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It’s 8 p.m. on a recent Monday night, and Victoria Beckham isn’t out on the town with her soccer-player-slash-underwear-model husband, nor ensconced in the comforts of their Beverly Hills estate with their four children. Instead, Beckham is on designer duty in Las Vegas, spending a couple of hours with 50 or so customers at Neiman Marcus before hopping on a midnight flight to Los Angeles, where she will repeat her performance at another Neiman’s the next day, and then again the day after that in Dallas.
While Neiman Marcus is Beckham’s largest U.S. account (it was also her first, along with Bergdorf Goodman, when she launched for spring 2009), the designer has yet to make a store appearance there until now. Long overdue, Neiman Marcus was itching to get Beckham in front of a few select groups of loyal clients — all chosen because they had already bought Victoria Beckham pieces or demonstrated interest in doing so. These appearances were low-key, private affairs where she was able to personally present her brand’s spring collection.
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“Neiman Marcus is obviously a very important partnership in America,” said Zach Duane, chief executive officer of London-based Victoria Beckham. “It wasn’t about a particular product launch. It was more about Neiman’s. They have a customer that they were keen on getting close to the brand. We have a really good business with them.”
Speaking of Beckham’s business, Duane told WWD last year that the brand would exceed $12 million in annual sales in 2011. “The business is profitable, which I think for a young fashion brand is challenging in itself, and we are growing fast,” he said. “If you compare 2012 to 2011, we are up 150 percent.”
The job of a designer sometimes seems as much politician as creative director. Face time, handshakes and hugs are important, especially to a still-young brand. Beckham — who has racked up air miles this year with appearances at Holt Renfrew in Vancouver, Joyce in Beijing, Lane Crawford in Hong Kong, Brown Thomas in Dublin and Harvey Nichols in London — realizes that. “I want to get to as many territories and stores as I can, not only to meet my customer, but to also support my retailer,” she said. “I have a really great relationship with all of my retail partners. I think it’s really important. I also want feedback from women. I want to know what women want.”
Certainly, the private appearances go far in establishing long-term relationships with stores and customers, but their short-term impact is measured in immediate sales. While neither Neiman Marcus nor Duane would divulge the exact sales generated as a result of said appearances, Duane asserted that typically 60 to 70 percent of sales of the Victoria Beckham brand have been generated during the designer’s in-store appearances and in the days prior to or following them. “I would imagine they will do very, very well with this [spring] season as a result of these events,” Duane said of Neiman Marcus. (Upon later follow-up, the company would only confirm a “strong response” from customers at the Las Vegas, Los Angeles and Dallas events.)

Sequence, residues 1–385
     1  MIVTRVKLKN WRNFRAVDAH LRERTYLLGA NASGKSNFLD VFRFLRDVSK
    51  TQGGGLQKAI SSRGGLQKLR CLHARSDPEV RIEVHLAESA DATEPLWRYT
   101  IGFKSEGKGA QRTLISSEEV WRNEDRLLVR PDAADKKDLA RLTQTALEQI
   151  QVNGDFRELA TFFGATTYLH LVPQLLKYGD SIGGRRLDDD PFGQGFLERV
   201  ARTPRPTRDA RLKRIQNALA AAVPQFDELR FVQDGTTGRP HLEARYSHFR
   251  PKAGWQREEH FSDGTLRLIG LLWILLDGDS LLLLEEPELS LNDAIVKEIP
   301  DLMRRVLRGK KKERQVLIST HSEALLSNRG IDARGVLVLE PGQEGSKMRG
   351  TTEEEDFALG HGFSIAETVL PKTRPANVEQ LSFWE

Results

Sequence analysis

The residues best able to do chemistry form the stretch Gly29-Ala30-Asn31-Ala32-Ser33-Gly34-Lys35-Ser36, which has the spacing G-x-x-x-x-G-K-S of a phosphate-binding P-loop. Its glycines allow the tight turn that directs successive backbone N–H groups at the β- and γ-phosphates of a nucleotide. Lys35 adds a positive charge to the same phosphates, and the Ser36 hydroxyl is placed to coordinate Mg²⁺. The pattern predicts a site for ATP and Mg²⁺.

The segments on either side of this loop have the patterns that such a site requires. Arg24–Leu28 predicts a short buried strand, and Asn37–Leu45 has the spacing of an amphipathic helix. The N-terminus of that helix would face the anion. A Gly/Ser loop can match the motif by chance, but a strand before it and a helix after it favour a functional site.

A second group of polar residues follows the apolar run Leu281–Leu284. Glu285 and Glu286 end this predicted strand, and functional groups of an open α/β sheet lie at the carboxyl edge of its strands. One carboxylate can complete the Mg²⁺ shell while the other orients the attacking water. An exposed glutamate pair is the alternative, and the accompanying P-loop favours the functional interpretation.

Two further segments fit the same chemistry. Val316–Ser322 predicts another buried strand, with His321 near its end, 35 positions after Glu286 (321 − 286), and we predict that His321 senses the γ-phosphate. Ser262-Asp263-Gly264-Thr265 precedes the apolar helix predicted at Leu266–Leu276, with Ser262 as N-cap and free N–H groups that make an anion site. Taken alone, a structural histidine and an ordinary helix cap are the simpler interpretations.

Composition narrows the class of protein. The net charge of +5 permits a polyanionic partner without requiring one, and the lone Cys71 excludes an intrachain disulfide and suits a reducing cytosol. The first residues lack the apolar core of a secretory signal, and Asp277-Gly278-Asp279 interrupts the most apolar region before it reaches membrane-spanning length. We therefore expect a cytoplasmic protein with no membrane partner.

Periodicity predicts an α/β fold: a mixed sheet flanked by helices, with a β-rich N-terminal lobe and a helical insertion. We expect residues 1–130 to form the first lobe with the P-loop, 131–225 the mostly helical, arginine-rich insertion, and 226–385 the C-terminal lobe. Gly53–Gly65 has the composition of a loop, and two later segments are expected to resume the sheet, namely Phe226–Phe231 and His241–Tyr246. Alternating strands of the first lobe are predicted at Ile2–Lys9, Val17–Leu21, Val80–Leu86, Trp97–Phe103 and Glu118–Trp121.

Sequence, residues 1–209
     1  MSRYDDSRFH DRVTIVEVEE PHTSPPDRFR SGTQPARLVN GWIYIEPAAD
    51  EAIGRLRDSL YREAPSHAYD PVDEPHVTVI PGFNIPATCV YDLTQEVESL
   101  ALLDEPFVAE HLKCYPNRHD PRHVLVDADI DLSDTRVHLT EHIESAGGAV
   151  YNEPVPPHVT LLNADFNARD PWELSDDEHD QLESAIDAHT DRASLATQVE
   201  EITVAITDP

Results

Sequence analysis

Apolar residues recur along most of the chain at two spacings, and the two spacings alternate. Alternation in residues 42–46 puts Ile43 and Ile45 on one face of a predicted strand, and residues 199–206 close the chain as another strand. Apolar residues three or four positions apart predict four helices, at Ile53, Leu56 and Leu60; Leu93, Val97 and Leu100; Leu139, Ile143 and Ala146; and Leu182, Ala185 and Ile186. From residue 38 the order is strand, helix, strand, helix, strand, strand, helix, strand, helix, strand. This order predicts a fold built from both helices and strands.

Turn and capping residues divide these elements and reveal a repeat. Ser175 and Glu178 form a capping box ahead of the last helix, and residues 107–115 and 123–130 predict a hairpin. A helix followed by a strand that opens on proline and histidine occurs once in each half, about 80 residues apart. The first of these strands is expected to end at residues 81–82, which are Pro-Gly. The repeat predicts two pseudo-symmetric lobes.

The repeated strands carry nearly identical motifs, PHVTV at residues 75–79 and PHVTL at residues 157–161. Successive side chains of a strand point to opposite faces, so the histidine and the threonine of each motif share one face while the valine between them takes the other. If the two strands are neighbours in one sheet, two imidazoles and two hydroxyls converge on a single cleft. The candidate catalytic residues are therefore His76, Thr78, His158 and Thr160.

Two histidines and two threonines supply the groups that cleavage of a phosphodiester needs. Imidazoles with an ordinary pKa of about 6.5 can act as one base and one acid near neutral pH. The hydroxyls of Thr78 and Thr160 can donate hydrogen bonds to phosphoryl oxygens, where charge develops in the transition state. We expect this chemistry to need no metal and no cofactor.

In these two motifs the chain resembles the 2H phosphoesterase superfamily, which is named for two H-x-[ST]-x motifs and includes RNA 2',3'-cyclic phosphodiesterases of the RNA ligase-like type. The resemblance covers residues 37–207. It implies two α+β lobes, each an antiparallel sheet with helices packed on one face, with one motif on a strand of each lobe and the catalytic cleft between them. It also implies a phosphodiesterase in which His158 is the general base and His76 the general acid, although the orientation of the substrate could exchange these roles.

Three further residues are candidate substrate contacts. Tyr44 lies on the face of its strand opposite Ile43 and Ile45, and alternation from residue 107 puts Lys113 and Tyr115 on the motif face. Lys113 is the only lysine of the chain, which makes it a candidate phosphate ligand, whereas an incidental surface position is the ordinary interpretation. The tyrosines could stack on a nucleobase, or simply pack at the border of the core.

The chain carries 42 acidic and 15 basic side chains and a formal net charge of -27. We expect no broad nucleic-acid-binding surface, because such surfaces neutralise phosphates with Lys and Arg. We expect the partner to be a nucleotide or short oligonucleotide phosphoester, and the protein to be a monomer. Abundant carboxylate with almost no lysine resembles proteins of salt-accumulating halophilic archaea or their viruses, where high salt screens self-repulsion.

In all three cities, Beckham spoke a few words into a microphone, thanking the guests for taking time out of their busy schedules to view the collection, and then the shows started — models walking in 23 ready-to-wear looks in Vegas, six in L.A., 16 in Dallas. Afterward, the models in Las Vegas came back out, this time wandering the space in Victoria Victoria Beckham pieces, while in L.A. and Dallas, samples of the secondary line hung on racks for customers to view and try on. In several instances, Beckham gamely walked around and chatted with guests.
Many of the Las Vegas clients, whose ages ranged from their early 20s to 60s and were mostly the wives of local bigwigs, were not shy about showing off their shapely bodies in Beckham’s slim silhouettes — several of which were paired with handbags by Dolce & Gabbana, Hermès and Chanel. In L.A., the guests, predominantly professionals in their 20s, cast a wider fashion net. Beckham looks were, obviously, a popular choice for the occasion while Tibi and Alice + Olivia were represented, too; Alexander McQueen, The Row and Alice + Olivia were among the guests’ favorite brands. In Dallas, the crowd, made up primarily of socialites in their 40s with a number of professionals in the mix, was polished, bejeweled and, like Beckham, in stilettos.
The mood at the daytime L.A. event was light and, as an added bonus, guests included Beckham’s husband David, their son Brooklyn and daughter Harper. While some clients swooned over the diapered baby, they appeared more interested in Beckham’s dresses than David, who calmly chased Harper through the partitioned area on the second floor where the event was held. “This is what I’m about,” said Beckham, as her daughter rolled over and over on a sofa bench. “I always love it when I’m lucky enough to take my children to work with me. I’m a working mom.”